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How should I model this situation?

Chris Zempel asked in Rails

I need to store different metrics about various companies. These will be present for every company:

  • revenue
  • ebitda
  • cash
  • receivables
  • employees
  • debt

each one has attributes such as:

  • classification - is this the actual #, or an estimated one?
  • amount in cents
  • the date this value is relevant to

(and some other areas that might not be related)

  • who it was entered by
  • who it was approved by

However, I also need to allow users to create custom metrics, and capture these other things. For example, someone monitoring this company could want to record monthly users signups of a specific company.

It's safe to assume the majority of this will be time-series data, but not necessarily everything will be.

Here are my questions, starting with most-meta and going more granular:

How do I approach designing the way all this data is stored?

The crux of the question is that this data is sort of fundamentally unstructured, so where should the structure reside?

Are the areas I know I want to store different than the ones I don't, or should I build a way to have anything and then hardcode in the behavior for the metrics I know I'll want to record?

Here's the path my mind leads me down, by table:

class Company.rb < ActiveRecord::Base
  has_many :company_metrics

class CompanyMetric < ActiveRecord::Base
  belongs_to :company
  has_many :metric_attributes

class Attribute < ActiveRecord::Base
  belongs_to :company_metric
  belong_to :%(value_name_table)

Now these attributes can basically be stored one of several ways:
1) integer (or boolean) (for most everything)
2) bigint (for $$)
3) decimal (for %'s)
4) text

and also, a date will need to be stored at some level

Or is this a situation when I'd want to leverage ducktyping to the extreme? Define a model that serves as the sort of abstract interface to the variety of concrete instances of all the metrics in the db? (sorry for using java terms)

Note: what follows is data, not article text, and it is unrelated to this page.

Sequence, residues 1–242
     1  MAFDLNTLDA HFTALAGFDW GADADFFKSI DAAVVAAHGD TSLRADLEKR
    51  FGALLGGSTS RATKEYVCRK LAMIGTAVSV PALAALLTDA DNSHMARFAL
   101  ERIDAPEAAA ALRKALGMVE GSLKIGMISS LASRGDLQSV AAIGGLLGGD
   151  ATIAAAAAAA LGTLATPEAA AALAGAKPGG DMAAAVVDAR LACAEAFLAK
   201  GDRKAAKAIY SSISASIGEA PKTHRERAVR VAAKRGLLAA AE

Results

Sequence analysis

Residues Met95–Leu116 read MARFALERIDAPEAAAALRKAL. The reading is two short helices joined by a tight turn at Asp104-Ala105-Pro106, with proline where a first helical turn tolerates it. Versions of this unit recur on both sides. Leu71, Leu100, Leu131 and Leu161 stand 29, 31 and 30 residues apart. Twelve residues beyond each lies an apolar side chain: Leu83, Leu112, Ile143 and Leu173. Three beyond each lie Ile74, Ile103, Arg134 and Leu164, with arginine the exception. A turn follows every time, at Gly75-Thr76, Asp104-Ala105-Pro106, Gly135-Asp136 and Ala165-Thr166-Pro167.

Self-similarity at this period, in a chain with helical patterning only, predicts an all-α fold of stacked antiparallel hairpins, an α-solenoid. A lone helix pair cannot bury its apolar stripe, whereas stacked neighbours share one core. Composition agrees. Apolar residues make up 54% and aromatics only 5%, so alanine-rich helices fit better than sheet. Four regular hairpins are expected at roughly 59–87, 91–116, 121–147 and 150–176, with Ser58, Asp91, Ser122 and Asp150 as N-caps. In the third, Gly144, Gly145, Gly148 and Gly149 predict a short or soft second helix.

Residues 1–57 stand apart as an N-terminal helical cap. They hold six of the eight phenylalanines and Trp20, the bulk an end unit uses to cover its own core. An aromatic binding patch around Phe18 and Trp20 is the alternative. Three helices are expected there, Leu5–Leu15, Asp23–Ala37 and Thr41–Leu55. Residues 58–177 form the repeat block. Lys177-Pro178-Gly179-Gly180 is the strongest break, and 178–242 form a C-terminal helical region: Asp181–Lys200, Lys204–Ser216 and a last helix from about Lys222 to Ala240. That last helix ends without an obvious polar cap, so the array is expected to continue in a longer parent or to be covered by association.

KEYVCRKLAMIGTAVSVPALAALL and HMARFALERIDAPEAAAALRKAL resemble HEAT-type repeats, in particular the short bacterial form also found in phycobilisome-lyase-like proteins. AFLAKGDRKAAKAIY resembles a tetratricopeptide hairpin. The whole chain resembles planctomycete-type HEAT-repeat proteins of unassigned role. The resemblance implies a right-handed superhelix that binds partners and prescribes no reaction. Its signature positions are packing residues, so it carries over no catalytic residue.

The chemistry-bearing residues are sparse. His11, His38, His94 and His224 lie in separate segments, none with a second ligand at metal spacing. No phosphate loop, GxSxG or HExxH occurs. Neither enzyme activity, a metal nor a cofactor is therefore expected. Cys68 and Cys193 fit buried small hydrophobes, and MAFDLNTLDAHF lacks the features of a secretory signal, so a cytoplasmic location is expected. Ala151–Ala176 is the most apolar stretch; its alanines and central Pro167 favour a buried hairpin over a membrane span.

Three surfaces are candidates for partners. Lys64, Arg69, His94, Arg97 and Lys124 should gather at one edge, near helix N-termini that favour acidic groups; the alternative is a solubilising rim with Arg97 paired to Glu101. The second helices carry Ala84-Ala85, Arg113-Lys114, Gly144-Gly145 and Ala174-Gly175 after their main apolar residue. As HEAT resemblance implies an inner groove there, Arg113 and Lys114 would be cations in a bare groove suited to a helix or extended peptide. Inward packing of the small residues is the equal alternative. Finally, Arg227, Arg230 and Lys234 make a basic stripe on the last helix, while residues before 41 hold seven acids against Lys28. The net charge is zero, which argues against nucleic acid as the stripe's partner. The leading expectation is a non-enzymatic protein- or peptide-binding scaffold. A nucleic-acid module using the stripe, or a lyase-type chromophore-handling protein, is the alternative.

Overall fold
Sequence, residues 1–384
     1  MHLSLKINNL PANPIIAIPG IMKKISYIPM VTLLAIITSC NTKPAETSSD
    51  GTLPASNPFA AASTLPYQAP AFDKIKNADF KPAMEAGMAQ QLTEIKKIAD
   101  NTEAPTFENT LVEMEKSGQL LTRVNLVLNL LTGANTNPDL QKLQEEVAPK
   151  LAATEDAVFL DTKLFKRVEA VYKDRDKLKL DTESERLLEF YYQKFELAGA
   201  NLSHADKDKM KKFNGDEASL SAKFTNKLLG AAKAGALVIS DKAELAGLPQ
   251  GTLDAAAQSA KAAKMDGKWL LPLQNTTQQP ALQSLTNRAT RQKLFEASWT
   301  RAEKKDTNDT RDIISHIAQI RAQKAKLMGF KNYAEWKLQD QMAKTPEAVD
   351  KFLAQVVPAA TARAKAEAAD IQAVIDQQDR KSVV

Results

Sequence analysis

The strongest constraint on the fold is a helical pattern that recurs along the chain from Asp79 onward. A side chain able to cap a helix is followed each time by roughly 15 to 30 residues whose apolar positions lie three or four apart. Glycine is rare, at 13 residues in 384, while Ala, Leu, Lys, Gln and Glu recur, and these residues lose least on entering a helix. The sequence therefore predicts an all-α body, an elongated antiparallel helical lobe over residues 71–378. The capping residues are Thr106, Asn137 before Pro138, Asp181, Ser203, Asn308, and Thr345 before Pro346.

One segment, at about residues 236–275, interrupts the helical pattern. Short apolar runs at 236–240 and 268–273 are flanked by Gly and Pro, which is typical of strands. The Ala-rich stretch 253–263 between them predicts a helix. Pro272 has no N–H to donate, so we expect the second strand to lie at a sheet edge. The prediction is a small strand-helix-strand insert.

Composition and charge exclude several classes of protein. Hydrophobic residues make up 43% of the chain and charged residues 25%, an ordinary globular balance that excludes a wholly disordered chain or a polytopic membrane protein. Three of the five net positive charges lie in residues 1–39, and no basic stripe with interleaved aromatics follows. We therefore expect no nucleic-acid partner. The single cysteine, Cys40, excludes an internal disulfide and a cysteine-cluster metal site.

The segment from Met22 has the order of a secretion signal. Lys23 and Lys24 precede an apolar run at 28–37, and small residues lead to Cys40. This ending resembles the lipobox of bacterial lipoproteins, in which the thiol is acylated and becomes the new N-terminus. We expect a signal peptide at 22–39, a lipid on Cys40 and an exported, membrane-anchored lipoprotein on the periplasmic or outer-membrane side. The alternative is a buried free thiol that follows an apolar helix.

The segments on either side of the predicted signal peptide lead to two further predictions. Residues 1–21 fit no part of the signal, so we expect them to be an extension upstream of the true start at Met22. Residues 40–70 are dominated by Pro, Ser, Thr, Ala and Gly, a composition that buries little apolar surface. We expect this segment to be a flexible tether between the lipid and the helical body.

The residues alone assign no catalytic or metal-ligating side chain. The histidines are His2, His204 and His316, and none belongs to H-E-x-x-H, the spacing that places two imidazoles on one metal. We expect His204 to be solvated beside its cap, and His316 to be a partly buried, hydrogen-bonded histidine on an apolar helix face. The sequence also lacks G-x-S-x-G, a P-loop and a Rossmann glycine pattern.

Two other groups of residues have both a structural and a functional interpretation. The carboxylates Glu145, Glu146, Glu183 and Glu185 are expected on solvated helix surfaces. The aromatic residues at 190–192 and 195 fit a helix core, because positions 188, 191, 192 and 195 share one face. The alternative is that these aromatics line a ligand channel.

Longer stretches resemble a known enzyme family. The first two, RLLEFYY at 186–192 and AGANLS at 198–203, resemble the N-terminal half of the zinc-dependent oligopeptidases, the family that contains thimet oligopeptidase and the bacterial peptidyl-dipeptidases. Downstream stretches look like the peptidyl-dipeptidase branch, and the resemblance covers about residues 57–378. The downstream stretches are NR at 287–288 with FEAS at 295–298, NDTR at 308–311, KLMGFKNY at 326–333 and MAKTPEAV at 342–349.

Companies need to be independent of how its metrics are created, composed, and represented. I also want metrics to behave on behalf of only one company.

class Metric
  attr_accessor :relevance_date, :value, :value_type

  def initialize(company:, metric_name)
    #finds company
    #grabs appropriate metric from aforementioned structure
    #creates metric object

class Company << ActiveRecord::Base
  def metric(metric_name), metric_name)

This is making assumptions about the structure of the metrics I'll be storing. Ultimately, the way I'll want to use them most of the time is as a point in an array of time-series data so they can turn into graphs, or plug in calculations. So I think expecting stuff to behave like:


Is reasonable.

I think your second post outlines a pretty good storage mechanism. You obviously want to actually make that a database backed model with a company_id on it so you don't have to make up the metric and initialize methods since ActiveRecord takes care of that for you.

The trouble will be that if you want to actually query these things efficiently, you'll struggle. Each different datatype will be best stored as a string, because you can always convert things to and from the string type. However that means you can't query against these by data. Only the metadata columns will be useful for sorting and filtering the metric entries. There will be a good amount of Ruby processing to convert from string to date, decimal, int, etc.

If you need to, you could store these as separate tables, one for each datatype, so that you can store native datatypes in the database. Obviously, this is a case where a SQL database isn't ideal.

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